A Brief Rant on the Ever-Precarious, Desperate State of the Union

In spite of moves throughout his term toward clean-energy tax credits and the implementation of the first fuel-efficiency standards for heavy-duty trucks, the president on Friday announced his decision to reverse positioning on tougher air-quality rules that some experts say would have reduced instances of premature deaths and heart attacks annually by 6,500.

The Washington Times reported Sunday that a "slew of White House retreats on environmental issues has 'green' voters seeing red—and threatening political consequences for President Obama in next year's election." This came at the heels of the aforementioned loosening of air-quality regulations and protests last week in defiance of Obama's proposed Keystone XL pipeline extension:
Everyone's favorite mermaid makes a Splash and gets arrested in D.C. last week at an XL pipeline protest.
And of course, let's not forget the total lack of governance that contributed to one of BP's pipes bursting under the Gulf.

Obama's most recent turning-of-tail has to do with changing the "ozone standard", which basically breaks down the amount of parts-per-billion allowed to be released into the atmosphere by U.S. industry. Though Obama's administration previously claimed the ozone standard of 75 parts per billion (set by the Bush administration in 2008) was based on outdated science, the new standard of 70 parts per billion (which the EPA and NRDC estimate would result in 4,300 fewer premature deaths and 2,200 fewer heart attacks annually by 2020) has been nixed. Ignored. Forgotten about. In fact, Obama cited the tragic economic climate as proof that protecting the environment at the cost of American jobs was, quite simply, not worth it.

Which brings me to my rant.

In order for us to have the luxury to play games with politics (in fact, to have politics at all) and the division of power; to invent an idea of currency that is totally abstract and without any actual basis in the real world; to make wonderful inventions and to live in them as though they were as literal as the trees that grow and the wind that blows; in order to do any of these silly human things—to make civilizations and destroy them, to obsess over material gains, to build great skyscrapers and jetset and work a 9-5 job and lobby congress and to invest and gamble and win and lose...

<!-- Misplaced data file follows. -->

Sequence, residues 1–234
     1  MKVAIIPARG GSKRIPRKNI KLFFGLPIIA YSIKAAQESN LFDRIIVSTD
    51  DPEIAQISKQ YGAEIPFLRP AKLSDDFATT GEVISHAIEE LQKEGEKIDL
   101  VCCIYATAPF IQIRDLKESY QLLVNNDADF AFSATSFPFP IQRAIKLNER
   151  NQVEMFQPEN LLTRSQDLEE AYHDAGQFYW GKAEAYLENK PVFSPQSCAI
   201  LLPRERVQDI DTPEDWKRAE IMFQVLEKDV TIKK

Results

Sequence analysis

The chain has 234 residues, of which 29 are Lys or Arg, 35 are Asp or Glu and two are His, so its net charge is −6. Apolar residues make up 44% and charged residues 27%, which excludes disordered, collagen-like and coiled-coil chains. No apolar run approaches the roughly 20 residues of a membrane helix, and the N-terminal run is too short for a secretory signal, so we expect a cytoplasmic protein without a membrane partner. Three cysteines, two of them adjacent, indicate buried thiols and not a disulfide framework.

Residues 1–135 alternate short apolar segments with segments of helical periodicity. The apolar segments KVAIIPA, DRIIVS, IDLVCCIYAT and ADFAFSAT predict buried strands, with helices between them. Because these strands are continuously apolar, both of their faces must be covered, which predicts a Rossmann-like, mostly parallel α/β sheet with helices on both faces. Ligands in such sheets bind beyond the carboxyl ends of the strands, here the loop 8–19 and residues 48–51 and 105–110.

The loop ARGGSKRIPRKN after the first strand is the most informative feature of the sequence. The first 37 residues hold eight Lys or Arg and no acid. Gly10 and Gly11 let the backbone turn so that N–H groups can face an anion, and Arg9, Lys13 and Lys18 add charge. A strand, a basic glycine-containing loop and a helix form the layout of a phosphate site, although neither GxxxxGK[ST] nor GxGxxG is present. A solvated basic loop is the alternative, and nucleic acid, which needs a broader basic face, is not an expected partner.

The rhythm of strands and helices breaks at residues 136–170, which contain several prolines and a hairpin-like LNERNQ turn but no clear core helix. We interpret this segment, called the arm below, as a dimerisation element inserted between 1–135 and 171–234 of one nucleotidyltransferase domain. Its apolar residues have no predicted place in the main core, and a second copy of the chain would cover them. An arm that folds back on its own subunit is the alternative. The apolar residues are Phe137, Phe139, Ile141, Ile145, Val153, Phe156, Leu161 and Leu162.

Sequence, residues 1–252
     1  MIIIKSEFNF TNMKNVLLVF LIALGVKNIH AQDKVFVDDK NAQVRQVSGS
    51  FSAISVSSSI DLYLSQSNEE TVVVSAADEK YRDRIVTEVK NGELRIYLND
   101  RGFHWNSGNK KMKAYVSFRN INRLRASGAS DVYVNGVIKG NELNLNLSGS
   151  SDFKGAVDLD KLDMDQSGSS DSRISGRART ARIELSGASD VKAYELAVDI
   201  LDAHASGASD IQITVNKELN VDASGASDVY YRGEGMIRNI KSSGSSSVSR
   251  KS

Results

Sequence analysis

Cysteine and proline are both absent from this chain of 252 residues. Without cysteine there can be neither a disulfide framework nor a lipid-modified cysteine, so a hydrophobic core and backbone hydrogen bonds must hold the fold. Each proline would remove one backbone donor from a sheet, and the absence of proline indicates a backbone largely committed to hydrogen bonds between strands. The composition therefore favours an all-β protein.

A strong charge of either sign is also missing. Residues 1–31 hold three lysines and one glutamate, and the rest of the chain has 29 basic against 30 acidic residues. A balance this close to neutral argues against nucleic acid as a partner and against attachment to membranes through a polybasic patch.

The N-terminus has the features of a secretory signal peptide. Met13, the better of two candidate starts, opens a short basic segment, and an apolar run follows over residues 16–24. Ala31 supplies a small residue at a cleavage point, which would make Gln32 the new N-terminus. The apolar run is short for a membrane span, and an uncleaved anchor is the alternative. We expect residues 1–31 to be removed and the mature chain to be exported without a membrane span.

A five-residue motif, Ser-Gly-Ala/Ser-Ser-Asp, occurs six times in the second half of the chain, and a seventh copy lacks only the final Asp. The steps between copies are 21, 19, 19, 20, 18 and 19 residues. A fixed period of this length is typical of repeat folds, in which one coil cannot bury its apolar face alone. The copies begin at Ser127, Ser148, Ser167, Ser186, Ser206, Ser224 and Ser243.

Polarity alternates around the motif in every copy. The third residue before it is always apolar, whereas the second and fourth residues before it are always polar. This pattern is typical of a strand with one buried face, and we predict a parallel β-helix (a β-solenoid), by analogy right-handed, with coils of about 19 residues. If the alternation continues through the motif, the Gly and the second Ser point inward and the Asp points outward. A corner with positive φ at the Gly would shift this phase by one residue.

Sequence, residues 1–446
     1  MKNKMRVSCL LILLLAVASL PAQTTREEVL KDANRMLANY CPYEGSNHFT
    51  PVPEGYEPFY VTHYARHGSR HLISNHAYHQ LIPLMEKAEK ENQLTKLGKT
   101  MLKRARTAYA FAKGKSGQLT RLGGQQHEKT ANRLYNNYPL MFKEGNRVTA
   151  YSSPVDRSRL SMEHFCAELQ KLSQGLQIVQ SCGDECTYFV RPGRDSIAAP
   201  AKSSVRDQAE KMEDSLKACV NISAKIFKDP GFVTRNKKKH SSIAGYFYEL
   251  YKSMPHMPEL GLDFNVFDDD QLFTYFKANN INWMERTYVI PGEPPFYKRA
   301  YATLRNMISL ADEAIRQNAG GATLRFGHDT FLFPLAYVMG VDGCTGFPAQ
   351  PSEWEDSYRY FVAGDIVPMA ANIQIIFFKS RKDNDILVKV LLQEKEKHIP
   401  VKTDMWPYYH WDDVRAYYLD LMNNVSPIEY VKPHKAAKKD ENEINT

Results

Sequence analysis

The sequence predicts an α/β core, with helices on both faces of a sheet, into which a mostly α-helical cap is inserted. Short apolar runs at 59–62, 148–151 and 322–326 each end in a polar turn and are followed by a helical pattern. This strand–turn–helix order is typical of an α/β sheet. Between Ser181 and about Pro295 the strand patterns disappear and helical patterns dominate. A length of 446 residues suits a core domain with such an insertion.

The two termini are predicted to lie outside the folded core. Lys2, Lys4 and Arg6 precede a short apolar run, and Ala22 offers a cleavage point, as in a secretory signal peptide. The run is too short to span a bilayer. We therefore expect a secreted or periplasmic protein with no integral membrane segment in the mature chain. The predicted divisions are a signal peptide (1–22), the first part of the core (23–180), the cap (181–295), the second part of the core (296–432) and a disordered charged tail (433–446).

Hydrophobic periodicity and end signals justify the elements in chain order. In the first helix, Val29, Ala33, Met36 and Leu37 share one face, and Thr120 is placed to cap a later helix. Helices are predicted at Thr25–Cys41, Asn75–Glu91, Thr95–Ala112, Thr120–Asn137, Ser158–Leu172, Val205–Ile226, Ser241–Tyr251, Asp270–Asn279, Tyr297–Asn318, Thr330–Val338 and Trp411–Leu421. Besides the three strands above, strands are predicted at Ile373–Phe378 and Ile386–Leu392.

We have to, fundamentally, be able to breathe and eat and have shelter. Before we can worry about job loss in America, or our footing in the international economy, we have to remember we're animals who have to be able to breathe and drink water and eat food. And that the more we poison those things, whether by dumping oil in the water or ignoring the toxins we emit into the air or ripping down trees for big agriculture so forests eventually turn into deserts, the closer we bring ourselves to the point of no return, literally speaking.

Yes, in a short-term way you can create big, fancy water treatment plants that will allow the richest among us to drink the best water money can buy. You can make gated communities with poisoned, treated sod and no bugs at all. You can make more and more car factories (even some within inexplicably "green" structures), you can farm salmon indoors, you can break apart entire mountains and make pretty bands of gold to show how in love you are. You can keep doing these things, but the One Great Truth about sustainability is that these things, done in these ways, simply can't go on forever. The system itself is unsustainable.

So the longer we choose industry over environment, jobs over air, corporate loopholes over water, well, the less sustainable we are. And the closer we come to that dreaded point of no return. Come on, Mr. President. You who would be our "Yes We Can" agent of change owe it to those who believed in you to put fundamental elements of survival over the monetary gains of private interests and some conceptual bottom line. We can't keep pushing the pesky issue of finite natural resources out of the way to keep big business happy. Doing so secures only one thing: that we're going to run out of the very things we need the most.

Just a little food for thought.

Want to get even more worked up? Recommended reading: What We Leave Behind, by Derrick Jensen and Aric McBay.
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Nicole Caldwell

Nicole Caldwell is a self-taught environmentalist, green-living savant and sustainability educator with more than a decade of professional writing experience. She is also the co-founder of Better Farm and president of betterArts. Nicole’s work has been featured in Mother Earth News, Reader’s Digest, Time Out New York, and many other publications. Her first book, Better: The Everyday Art of Sustainable Living, is due out this July through New Society Publishers.